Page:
Parallel Structure

This lesson plan helps students discover and notice parallel structure in phrases and then use it particularly with correlative conjunctions such as both, either, neither and not only…but also. Because this is a pretty straightforward point that students need to practice more than anything else, this is pretty practice heavy with lots of activities and games.


Students will be able to write more effective sentences.


  • Students will be able to use parallel structure correctly at the word, phrase and clause levels.
  • Students will practice using correlative conjunctions.


Warm Up

This is taken from Fun with Grammar by Sue Woodward (or download it chapter by chapter free here). Break students into pairs. Give partner A a piece of paper that says: My father is tall, kind, and intelligent. Give partner B a piece of paper that says: My father is tall, does kind things and his intelligence is high. Give them one minute to memorize the sentence. Then have them turn the paper over or scrunch it up and tell their partner the sentence.

In general, partners A will find it easier. Ask them why it was easy to remember the sentence. You’ll probably get that it was short and that the words were similar. Tell them that sentence A was written in parallel structure and that it makes their writing easier to remember and easier to understand!


Hand out the Parallelism Discovery Activity to the groups (or let them get into double pairs). Let them look at the examples of parallel structure and note that the sentences on the left are parallel. They are also easier to understand and sound nicer. It’s worth going over this and showing them how they are parallel. I like to put the sentences on the board or on a projector and elicit the parts of speech so students get it.

Points to emphasize:

  1. We use it with conjunctions: AND, BUT, OR, NOT and EITHER..OR, BOTH..AND, NEITHER..NOR, NOT ONLY…BUT ALSO or any place we are making a list.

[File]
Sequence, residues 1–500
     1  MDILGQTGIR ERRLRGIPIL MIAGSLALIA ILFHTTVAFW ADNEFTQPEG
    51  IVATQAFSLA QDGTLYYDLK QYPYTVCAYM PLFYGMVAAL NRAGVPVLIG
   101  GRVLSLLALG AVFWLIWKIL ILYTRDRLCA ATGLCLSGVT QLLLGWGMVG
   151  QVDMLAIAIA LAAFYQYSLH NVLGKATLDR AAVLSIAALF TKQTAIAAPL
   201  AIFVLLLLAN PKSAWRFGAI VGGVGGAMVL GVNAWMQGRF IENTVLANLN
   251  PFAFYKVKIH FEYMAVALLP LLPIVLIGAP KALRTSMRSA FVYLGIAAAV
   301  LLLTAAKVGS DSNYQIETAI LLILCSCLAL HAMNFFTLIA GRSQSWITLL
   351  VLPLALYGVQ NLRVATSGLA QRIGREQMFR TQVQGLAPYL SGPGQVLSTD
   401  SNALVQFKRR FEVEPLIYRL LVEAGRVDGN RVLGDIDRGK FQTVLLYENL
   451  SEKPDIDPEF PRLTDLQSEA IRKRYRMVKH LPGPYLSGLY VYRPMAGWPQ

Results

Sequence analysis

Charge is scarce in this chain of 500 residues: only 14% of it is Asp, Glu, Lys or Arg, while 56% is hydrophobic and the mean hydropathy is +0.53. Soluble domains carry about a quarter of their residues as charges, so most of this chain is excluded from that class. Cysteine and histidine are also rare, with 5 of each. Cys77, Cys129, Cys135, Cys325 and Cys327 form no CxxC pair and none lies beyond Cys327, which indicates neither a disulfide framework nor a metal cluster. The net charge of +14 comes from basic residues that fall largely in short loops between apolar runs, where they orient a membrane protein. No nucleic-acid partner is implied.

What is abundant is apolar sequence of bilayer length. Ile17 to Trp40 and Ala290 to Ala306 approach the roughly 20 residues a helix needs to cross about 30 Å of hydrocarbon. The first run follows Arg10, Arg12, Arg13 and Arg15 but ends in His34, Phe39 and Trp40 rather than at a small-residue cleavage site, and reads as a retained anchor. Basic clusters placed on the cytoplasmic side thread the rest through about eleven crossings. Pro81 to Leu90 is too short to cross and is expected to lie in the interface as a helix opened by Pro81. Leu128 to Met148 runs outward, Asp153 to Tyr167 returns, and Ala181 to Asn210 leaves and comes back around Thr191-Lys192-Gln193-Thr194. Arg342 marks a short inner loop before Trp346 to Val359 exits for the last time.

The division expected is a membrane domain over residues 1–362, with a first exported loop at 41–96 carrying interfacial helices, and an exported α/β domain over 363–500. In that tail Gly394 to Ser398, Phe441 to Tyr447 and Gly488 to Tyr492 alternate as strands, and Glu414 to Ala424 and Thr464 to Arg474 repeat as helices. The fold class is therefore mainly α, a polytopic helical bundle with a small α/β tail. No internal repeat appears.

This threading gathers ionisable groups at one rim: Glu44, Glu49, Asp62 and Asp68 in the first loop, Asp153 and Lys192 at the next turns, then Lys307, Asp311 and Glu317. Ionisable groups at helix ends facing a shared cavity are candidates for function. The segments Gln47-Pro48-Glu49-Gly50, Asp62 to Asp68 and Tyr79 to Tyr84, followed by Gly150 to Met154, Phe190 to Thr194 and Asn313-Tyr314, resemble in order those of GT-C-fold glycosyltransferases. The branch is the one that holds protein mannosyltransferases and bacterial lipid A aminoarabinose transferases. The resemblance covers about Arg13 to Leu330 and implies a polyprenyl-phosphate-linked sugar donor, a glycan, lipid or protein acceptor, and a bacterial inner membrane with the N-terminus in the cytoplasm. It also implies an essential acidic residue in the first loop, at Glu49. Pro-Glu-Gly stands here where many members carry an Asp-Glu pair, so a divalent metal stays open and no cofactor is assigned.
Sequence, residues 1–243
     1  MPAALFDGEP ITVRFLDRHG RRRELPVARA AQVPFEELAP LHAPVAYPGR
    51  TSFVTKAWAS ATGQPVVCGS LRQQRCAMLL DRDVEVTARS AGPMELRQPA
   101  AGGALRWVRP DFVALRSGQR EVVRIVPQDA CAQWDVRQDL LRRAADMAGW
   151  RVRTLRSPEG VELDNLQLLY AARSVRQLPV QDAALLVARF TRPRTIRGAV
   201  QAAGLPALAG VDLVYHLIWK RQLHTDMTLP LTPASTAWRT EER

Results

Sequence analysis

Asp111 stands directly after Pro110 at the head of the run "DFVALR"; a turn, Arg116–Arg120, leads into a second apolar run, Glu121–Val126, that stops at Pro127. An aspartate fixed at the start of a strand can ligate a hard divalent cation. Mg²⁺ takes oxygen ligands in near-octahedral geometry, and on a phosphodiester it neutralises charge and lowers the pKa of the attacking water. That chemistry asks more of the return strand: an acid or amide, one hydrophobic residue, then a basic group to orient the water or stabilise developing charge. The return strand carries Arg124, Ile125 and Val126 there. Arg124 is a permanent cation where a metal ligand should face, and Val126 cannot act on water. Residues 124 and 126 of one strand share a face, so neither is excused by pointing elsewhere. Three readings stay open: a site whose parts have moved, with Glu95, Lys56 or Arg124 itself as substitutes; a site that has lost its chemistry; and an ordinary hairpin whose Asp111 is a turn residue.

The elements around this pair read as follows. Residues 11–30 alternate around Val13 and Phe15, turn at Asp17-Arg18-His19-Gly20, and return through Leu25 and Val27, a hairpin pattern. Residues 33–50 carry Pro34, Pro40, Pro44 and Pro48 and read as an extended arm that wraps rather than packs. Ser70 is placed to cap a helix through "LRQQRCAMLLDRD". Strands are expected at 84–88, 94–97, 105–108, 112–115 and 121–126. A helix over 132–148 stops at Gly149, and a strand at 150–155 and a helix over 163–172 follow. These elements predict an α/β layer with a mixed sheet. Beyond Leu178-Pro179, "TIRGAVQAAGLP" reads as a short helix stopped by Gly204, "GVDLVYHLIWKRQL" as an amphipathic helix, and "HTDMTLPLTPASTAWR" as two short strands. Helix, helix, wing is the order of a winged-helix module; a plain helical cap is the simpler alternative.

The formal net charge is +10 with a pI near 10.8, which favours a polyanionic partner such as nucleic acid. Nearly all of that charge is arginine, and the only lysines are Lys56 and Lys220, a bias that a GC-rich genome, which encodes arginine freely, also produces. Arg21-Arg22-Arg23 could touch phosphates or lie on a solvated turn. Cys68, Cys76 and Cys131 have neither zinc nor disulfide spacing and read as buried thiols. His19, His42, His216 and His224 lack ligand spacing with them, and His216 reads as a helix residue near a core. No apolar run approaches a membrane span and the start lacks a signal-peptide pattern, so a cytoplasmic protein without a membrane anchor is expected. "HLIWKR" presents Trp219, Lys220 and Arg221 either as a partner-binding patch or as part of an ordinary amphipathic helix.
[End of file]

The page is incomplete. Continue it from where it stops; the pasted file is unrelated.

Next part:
2. There is no right answer as to which form to use: I like to swim and sail is just as good as I like swimming and sailing.
  3. Anything that follows the coordinating conjunctions should be parallel Either X or X.
  4. Formal English is concise. Elminate as many words as possible.
  5. Parallelism is a stylistic thing, not a grammar thing. In other words, it’s not WRONG not to use it but it makes their writing and speaking better.


I like this online quiz if your workbook doesn’t have a similar basic highly controlled practice. Then I like to pull out the Complicated Parallel Practice and do a few as a class. These are more complicated sentences than I like ice cream, but I find that can help build confidence.

Depending on how it is going, I might give them the  Either…Or Discovery to emphasize the point. And then tell them the principles remain the same for Neither…Nor, Both…and, and Not only…But also. Except for verb agreement–Both…And is always plural. I then give them the Either…Or/Neither..Nor Cards and have them create sentences in groups for each card. To review, have each group write two sentences on the board and go over the sentences as a class–anonymously, of course.

Not Only…But Also

I like to go over this construction separately as students are often confused by it. I start by putting up these sentences on the board. I ask students what they mean and elicit that it means both are true. I then point out that there is a nuance. What follows not only is something expected or something good. What follows but also is amazing!

  • My father not only cooks well but he also owns a French restaurant!
  • Mohammed owns not only one Mustang but also three Ferraris!
  • Learning English is not only fun, but also useful for work!

As a class, go over why the second part is more exciting or amazing than the first part and underline the parallel structures.

Then put up on the board: I like coffee. I like tea.

As a class, turn it into a sentence with Not only…but also.

Then do the same with: Xiang hasn’t been studying. He hasn’t been working!

Sentence Auction

Finally I do the  Sentence Auction: Parallel Structure as a fun review.

Students are put into pairs.

They write 5 sentences, one each with “either or” “neither nor” “not only but also” “both and” AND parallel structure.

There should be 3 sentences with a mistake! On purpose!

This will produce 5 sentences per every two students or 2.5 sentences per student.

Take the 20 best ones and put them in random order on a sheet of paper. Hand out to students in groups.

Students will bid on the sentences. The team that buys the most correct sentences and the fewest incorrect sentences wins.

Students have $200 to spend and all spending is in increments of ten.
Remind students that in an auction you can trick the other students into buying bad sentences by bidding on them.

Ties are determined by who has the most money left over!

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